Arizona Road Trip Jan-Feb 2018 Part 10
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Arizona Road Trip Jan-Feb 2018 Part 10
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    Miscellaneous Images Taken In This Beautiful Area During Jan & Feb Of 2017!  
Miscellaneous Images (3)

Severe Drought In The Superstitions February 2018

I have visited this area many times in last five years in my quest for interesting and unusual ant species, and I have never seen it so dry. There were no signs of spring wildflowers or grasses, just the dry, flattened grasses of the previous year. There weren't even any flowers or buds on the shrubs. In fact, the leaves on some shrubs were dry and crisp. There was very little ant activity along the trails and very few ants showed up in my traps. I looked under hundred of rocks and found a few scorpions and solpugids, but zero ants. A serious myrmecologist would return to this region during the summer monsoonal rains!

Here are a few images of the parched slopes of the Superstitions. In previous years there were carpets of desert annuals in full bloom plus numerous flowering shrubs:

Weaver's Needle From Boyce Thompson Arboretum State Park

View of the prominent landmark called Weaver's Needle from Boyce Thompson Arboretum State Park. Some people actually climb to the top of this monolith!

The Following Description From Wikimedia (27 Jan. 2017):

Weaver's Needle is a 1,000-foot-high (300 m) column of rock that forms a distinctive peak visible for many miles around. Located in the Superstition Mountains east of Phoenix, Arizona, Weaver's Needle was created when a thick layer of tuff (fused volcanic ash) was heavily eroded, creating the spire as an erosional remnant with a summit elevation of 4,555 feet (1,388 m). It is set in a desert landscape of cactus and mesquite bush, with large Saguaro cacti particularly prominent. The peak was named after mountain man Pauline Weaver (1797-1867). Weaver's Needle has played a significant role in the stories of the Lost Dutchman's Gold Mine. The Needle's shadow reportedly indicates the location of a rich vein of gold, and many treasure hunters have searched for it. The hunt for gold around Weavers Needle has been pursued by hundreds (possibly thousands) of people.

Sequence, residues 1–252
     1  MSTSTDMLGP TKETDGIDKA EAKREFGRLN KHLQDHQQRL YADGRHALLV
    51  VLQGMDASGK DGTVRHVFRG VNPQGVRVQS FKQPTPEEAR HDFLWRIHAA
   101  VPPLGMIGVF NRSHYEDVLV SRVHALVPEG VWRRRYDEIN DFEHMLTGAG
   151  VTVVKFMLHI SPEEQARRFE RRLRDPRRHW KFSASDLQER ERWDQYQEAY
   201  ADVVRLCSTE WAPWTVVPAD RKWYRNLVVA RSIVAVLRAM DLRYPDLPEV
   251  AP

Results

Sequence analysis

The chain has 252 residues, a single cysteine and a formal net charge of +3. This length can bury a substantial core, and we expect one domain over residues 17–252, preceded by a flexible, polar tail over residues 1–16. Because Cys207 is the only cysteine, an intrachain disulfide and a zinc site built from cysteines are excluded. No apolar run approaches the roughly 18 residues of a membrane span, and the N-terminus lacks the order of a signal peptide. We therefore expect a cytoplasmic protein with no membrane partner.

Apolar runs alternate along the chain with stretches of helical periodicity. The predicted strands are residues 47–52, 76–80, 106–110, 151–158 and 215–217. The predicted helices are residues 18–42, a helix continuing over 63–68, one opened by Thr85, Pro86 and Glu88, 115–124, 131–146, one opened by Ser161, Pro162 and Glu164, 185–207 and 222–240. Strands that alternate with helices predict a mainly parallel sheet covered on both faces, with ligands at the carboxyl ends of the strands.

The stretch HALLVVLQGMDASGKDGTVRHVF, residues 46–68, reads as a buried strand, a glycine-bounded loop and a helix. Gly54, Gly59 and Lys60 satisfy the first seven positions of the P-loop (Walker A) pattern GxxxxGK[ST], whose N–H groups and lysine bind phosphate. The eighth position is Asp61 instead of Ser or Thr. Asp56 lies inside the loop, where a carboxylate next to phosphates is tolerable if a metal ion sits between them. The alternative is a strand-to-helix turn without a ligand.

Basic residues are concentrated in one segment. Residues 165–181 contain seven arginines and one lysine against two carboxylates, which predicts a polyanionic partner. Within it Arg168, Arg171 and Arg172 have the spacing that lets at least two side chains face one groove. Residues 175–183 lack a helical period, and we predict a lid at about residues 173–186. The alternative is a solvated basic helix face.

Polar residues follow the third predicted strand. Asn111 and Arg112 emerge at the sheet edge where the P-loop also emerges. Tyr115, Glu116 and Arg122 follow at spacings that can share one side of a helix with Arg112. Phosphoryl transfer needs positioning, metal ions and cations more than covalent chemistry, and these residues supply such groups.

Pauline Weaver was an American mountain man, trapper, military scout, prospector, and explorer who was active in the early Southwestern United States. He was born in 1797 in White County, Tennessee and died in 1867 at Camp Verde, Arizona. A number of geographic features in Arizona are named after him.

Views Of Weaver's Needle From North Side Of Superstitions

Wearver's Needle (also spelled Weavers Needle): An erosional remnant composed of welded tuff (fused volcanic ash). This rock is prominent in the Superstitions with its complex volcanic history.

Nearby Four Peaks: Source Of Beautiful Amethyst Jewelry

The Four Peaks Amethyst Mine was discovered in the late 1800's on the fouth peak of the Mazatzal Mountain Range at an elevation of 6,800 feet. This is the source of Arizona's beautiful "Four Peaks Amethyst." See the following image:

Exquisite amethyst from Arizona's beautiful Four Peaks.

Amethyst geode from Montana..